Clifton Suspension Bridge is a widely celebrated piece of architecture. Despite passing beneath it along the A4 Portway road on countless occasions, I had never been up to the Clifton Down parklands surrounding it, nor walked, cycled or driven across it.
Until recently. One glorious sun-kissed Sunday in early May 2017 I photographed Bristol City’s final match of the season against Birmingham City. Birmingham won 1-0, thereby avoiding relegation, and veteran manager Harry Redknapp was generous to photographers in his whole-hearted celebrations.
After the match I decided to go in search of Clifton Down. This public space offers fantastic vistas over the bridge and the city.
I love Bristol. Its size and history holds an appeal which Cardiff can’t match. Growing up in a small Gloucestershire village roughly equidistant between the two cities, Bristol could have easily ended up being home rather than Cardiff. It feels like there might be an alternative version of myself living here. There’s probably a faint sense of ‘the grass is always greener’. As an Englishman living in Wales, you often look back over the bridge and wonder how things might have been, or might be different.
Driving in search of somewhere to park, I was struck by how continental Clifton appears. The architecture of Georgian terraced houses and sloping streets, the sophisticated street-side cafés, the gentle ambient burr of Sunday afternoon, the warm bright sunshine. It evoked memories of France. Even the most affluent areas of Cardiff don’t have this feel. Wiggling through Clifton, up and around and back again, finally I found a place to leave the car.
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Clifton Suspension Bridge is a feast for the eyes, and lens. (If ever there was subject which demanded a wide angle lens, this is it). The Avon Gorge, dramatic cliff faces, the A4 Portway road snaking below, the thick chunky brown river, bursting greenery of Leigh Woods to the north, the sloping sweep of the city and the landscape beyond to the south. If Bristol was a major American city, this place could be as iconic as the Golden Gate Bridge. Staunch Bristolians might argue it already is.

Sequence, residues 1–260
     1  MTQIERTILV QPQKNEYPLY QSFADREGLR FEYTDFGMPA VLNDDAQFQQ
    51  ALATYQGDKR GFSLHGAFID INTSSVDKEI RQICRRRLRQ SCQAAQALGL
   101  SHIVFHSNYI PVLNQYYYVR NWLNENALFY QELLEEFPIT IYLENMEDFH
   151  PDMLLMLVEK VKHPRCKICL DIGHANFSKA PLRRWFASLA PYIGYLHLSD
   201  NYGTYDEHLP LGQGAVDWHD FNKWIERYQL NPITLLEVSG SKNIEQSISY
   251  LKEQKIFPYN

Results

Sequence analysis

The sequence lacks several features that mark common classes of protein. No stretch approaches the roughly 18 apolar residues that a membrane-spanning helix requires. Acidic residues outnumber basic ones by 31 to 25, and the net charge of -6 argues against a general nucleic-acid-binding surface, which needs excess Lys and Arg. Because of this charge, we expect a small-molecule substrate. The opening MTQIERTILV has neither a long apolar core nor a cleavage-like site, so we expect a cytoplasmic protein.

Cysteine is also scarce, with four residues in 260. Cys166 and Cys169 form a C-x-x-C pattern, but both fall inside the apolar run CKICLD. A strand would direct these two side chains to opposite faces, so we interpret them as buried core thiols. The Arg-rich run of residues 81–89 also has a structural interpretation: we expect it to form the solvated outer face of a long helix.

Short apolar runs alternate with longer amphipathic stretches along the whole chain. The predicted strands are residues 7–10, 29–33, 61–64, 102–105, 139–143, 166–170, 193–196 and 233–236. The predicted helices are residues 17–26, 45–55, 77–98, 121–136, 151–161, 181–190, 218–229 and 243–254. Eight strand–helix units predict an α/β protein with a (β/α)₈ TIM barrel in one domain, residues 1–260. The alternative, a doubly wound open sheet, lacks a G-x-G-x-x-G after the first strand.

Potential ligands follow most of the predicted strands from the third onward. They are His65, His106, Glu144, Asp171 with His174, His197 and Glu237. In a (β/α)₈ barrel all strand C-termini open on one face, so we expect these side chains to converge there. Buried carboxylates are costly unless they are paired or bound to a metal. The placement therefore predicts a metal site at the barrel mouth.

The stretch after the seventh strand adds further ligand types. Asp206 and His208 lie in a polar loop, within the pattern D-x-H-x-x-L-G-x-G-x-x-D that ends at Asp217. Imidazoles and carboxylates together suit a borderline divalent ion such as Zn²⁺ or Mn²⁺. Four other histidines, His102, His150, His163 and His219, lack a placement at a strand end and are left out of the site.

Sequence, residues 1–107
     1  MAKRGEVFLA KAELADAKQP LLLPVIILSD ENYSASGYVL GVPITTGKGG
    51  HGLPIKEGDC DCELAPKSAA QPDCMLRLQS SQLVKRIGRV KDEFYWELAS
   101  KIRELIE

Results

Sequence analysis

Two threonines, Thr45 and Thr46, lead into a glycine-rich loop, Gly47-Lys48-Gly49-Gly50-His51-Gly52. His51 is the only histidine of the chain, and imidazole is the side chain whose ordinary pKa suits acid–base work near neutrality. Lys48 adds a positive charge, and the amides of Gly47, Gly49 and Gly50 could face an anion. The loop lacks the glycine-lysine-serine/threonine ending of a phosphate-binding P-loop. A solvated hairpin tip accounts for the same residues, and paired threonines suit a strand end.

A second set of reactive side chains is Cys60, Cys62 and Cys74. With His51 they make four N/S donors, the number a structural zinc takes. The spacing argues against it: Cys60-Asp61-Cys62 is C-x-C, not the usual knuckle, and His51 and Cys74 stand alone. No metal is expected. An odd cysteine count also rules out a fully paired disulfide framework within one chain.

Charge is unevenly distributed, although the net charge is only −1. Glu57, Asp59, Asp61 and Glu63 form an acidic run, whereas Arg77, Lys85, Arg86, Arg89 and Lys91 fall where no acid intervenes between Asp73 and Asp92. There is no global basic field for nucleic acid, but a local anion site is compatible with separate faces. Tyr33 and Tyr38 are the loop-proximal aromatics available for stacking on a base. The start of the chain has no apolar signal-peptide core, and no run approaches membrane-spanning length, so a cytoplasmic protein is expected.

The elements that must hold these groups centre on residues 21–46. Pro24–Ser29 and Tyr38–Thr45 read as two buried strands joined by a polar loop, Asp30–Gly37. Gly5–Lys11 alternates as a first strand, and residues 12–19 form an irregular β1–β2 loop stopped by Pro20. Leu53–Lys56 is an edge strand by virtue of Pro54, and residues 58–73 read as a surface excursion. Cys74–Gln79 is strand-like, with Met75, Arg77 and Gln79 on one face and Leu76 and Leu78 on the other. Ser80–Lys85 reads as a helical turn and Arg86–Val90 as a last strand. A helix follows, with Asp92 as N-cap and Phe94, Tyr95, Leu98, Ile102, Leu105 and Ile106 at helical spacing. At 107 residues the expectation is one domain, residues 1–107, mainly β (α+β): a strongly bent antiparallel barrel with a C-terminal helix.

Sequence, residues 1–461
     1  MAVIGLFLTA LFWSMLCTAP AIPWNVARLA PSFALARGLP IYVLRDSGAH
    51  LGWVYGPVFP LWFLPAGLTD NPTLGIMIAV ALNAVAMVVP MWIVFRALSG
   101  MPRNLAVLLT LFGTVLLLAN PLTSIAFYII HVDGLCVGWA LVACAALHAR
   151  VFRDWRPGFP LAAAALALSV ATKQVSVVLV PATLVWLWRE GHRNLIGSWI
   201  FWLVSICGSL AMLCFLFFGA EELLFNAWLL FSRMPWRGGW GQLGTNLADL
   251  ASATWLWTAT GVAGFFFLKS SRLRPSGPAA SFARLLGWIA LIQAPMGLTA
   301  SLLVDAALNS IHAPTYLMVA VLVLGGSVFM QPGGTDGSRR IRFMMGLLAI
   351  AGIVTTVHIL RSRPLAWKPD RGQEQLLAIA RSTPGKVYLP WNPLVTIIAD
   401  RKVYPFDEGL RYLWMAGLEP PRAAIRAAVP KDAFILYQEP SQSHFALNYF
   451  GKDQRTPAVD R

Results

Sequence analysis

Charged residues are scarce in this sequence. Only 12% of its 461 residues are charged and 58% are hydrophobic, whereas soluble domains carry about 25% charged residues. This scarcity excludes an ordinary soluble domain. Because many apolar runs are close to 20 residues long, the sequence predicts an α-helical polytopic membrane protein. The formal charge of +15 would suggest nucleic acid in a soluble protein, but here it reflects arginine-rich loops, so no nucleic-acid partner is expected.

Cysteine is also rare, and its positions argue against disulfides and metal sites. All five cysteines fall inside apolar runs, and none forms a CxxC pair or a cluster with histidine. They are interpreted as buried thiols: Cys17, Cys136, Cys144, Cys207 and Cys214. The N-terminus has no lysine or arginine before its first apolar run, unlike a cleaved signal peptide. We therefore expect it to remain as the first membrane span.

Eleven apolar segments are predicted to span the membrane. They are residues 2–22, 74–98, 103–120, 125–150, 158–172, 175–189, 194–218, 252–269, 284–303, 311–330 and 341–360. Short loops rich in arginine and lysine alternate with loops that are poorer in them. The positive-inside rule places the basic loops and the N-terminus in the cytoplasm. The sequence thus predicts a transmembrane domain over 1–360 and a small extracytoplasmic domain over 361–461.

The suspension bridge spans the Avon Gorge and River Avon, linking Clifton to Leigh Woods. It’s been a toll bridge since opening in 1864, which funds its maintenance. Famously based on an original design by Isambard Kingdom Brunel and contributed to by Sarah Guppy, the bridge is a Grade I listed building. Construction originally began in 1836 but funds ran out in 1843 and the project was only completed in 1864, five years after Brunel’s death. The bridge is built to a redesign by the less well-known names of William Henry Barlow and John Hawkshaw.
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On days like the one of this visit, the place is a magnet for locals and tourists, and great for street photography.
The observatory building gives extra height and a different aspect on the view, one uniquely via a cave within the cliffs.
You could play with the visual appeal of the place in different light and with willing subjects. Softer and lower sunshine would cast all sorts of dramatic shadows on the road and river below. Sunrises and sunsets over the city must be beautiful. How the sun’s descent steadily shunts across the sky over a full year must be a constant wonder for locals. A model or two would help to capitalise on all the leading lines and symmetries. The potential for long exposure and tilt-shifting of traffic below would be interesting to toy with, as well as the dramatic footage you could capture from above and below with a drone, if permitted.
Hopefully one day the Severn Bridge toll will be lifted, giving extra freedom to those in the West Country wanting to explore south Wales, as well as vice-versa. I for one would certainly visit Bristol more often if this was the case.
View and licence more images of Clifton Suspension Bridge and Bristol via the Composed Images photoshelter website.
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